Indie writers are gluttons for punishment!

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What keeps indie writers going? What keeps any writer going for that matter? The driving force behind one is no more or less important than the force behind the other one.

For some it’s “champagne wishes and caviar dreams” that keeps them going. Visions of best-sellerdom and fame plague their thoughts often (no judging here). For some it’s a lifelong dream/goal to accomplish. And for others, some simply have no choice but to keep going because they’ve quit their jobs, downsized their lifestyle and it is now what they live for—the unwavering pursuit of becoming an author. Writing is a decision based on need…the need to voice and feel raw, pure emotion, or to make money, no matter the genre.

From what I have seen in the last year, indie writers have to be gluttons for punishment after all they must endure. They crave feedback (the good, the bad and the ugly). They experience criticism, that inevitable taunt and gut punch from book reviewers, bloggers and yes, friends and family at times with a judge-y, disapproving glare.

Luckily, writers can take the punches and recover by treading onward and upward on their quest. They take punches in the same spirit an aspiring actor or musician continues to do—by showing up for audition after audition, hoping, but also believing their big break will happen with the next one…the next book they write. They take the sting of salt-in-wound and rub it in until it stings no more. They cry and fall to their knees in private, cursing the decision to write in the first place. And then they get up, stand tall and begin the clacking of keys all over, churning out page after page again.

Indie writers may be gluttons for punishment, but they’re my HEROES!

Categories: The Writing Life.

Comments

  1. Charles Franklin

    I understand your reasoning. As a book publicist, I have come across indie authors who have “champagne wishes and caviar dreams”, but I also have come across indie authors who were inspired by extraordinary events in their lives, wanting to leave a legacy, and other reasons.

    I guess it all just depends. The indie author revolution, along with the social media and digital publishing revolution, came at the right time for this to come about. As a result, the world gets a chance to see author’s and their motivations.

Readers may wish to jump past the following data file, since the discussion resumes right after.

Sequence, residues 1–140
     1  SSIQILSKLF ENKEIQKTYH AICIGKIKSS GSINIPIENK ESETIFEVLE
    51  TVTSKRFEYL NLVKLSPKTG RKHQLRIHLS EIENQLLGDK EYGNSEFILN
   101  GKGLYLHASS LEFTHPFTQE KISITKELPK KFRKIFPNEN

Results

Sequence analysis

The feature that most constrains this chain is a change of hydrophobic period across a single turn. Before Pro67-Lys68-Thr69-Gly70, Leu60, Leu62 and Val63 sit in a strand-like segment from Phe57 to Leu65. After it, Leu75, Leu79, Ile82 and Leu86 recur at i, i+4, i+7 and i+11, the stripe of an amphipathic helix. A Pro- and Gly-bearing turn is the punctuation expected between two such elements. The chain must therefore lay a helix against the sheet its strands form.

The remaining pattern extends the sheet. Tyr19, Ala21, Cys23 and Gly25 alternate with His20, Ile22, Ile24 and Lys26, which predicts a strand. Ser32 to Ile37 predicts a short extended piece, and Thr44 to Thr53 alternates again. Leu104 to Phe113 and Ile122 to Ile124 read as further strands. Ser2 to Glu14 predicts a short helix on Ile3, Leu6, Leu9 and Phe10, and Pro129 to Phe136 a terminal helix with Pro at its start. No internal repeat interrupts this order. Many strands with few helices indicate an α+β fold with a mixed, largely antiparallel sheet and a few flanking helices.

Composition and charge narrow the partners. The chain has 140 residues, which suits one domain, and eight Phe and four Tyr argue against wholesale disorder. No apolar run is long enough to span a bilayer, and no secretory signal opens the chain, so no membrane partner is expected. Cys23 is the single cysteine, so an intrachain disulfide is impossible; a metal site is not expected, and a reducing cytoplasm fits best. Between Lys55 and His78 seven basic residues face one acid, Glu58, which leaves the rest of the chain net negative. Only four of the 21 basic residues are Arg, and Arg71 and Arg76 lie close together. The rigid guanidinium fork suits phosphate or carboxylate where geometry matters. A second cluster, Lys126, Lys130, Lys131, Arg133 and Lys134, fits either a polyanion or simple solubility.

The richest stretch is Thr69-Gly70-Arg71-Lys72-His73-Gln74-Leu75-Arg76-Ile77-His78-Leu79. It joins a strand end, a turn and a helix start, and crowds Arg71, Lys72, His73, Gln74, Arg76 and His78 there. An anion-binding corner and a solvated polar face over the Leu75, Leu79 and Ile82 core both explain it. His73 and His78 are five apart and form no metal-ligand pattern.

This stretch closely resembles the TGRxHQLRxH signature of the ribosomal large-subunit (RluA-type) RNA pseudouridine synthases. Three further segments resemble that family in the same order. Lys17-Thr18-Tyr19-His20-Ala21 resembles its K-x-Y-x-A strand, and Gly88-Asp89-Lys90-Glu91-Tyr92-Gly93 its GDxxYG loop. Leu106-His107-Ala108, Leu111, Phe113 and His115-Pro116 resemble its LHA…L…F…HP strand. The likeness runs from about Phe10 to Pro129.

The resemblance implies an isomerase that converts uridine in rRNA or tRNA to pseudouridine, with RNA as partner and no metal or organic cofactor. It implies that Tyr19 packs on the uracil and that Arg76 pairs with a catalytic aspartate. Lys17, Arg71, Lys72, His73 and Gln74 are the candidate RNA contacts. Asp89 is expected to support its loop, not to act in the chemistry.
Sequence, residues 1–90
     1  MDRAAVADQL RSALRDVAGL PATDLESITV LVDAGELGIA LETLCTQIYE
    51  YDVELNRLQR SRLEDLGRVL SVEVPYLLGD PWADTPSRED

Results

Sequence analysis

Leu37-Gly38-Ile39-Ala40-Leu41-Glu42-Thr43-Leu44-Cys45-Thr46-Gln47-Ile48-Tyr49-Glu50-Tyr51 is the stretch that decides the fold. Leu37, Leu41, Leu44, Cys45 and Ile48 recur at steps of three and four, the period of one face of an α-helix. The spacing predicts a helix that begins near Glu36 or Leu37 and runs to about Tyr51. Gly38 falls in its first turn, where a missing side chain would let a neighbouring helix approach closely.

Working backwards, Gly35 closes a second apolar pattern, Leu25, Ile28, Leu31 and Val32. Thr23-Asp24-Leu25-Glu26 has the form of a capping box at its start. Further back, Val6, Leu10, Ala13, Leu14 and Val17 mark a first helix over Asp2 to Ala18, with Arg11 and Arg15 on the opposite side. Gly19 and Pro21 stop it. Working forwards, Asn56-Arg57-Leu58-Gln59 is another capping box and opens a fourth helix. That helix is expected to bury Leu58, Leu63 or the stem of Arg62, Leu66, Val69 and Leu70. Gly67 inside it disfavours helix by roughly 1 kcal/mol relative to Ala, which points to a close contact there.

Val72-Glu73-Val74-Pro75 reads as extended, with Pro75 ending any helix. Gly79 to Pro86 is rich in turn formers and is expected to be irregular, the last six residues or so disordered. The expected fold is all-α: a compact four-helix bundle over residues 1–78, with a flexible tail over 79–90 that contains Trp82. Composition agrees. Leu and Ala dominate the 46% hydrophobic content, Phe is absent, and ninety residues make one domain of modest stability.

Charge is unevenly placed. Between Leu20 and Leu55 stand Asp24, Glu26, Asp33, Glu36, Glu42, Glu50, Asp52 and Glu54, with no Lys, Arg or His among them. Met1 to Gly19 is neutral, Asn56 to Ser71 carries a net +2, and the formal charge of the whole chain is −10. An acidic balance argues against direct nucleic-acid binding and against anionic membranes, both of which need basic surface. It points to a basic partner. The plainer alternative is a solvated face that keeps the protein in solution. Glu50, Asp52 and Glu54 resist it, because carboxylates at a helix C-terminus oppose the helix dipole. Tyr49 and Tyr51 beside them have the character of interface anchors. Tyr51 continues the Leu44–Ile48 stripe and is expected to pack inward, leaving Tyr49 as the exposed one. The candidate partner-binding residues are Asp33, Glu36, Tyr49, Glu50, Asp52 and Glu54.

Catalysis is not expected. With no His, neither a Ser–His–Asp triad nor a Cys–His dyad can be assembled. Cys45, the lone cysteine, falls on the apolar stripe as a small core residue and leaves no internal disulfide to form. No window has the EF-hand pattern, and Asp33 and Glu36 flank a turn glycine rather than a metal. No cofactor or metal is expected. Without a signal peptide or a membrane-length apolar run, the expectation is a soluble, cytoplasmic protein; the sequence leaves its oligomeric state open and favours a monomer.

2. Absolutely delightful and revealing. Thanks for peeling the skin off that onion–layer by layer. It almost hurt to read as feelings of truth came up. I’m a newbie indie writer/publisher, and I’m so glad to be on this journey.

  3. I wrote my first novel because the plot got stuck in my head and simply had to be written, even though it felt overwhelming. The sequel happened much the same way. Subsequent books have fallen into the “now what can I write?” category and of course there have been champagne dreams, but that was never the start nor was seeking fame the impetus.
    If I hadn’t written that first novel, I would have regretted it the rest of my life. That was the driving reason to write it.

    • Profile photo of A.M. Day

      I’m with you on that. As much as I try not to have any regrets…I would have to say that not writing my first novel would’ve been the regret of all regrets. Thanks for sharing! Happy you churned out that first book, Jason. Congrats!

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  4. Awesome post! I agree 100%. Being an Indie is not easy to say the least. I always thought writing the book was the hardest thing I had every done because it took 3 years, but now that it’s published, promoting and taking the criticism is giving writing a run for it’s money. But like you said…I’m gonna keep going, I’m gonna stand strong even on those days when I feel like I want to pull everything back in a protect myself. Ahh..the life of a person with words inside them dying to speak…it’s a rough one. Loved the post, you wrote it beautifully! 🙂

    • Profile photo of A.M. Day

      Thank you, Victoria. Definitely do relate, but what are we gonna do? We write because we have to. Criticism comes and goes, but our words will stay for the long haul. When you feel like you want to pull everything back in and protect yourself, remember why you write. Let it free…let it flow! I’ve learned that promotion needs to start when you start writing the book, before first chapter is done. Lol. Yes, it can be rough and wonderful all at once! I love this writing life! Thank you for sharing and showing your vulnerable side–that’s always a refreshing side of the human spirit.

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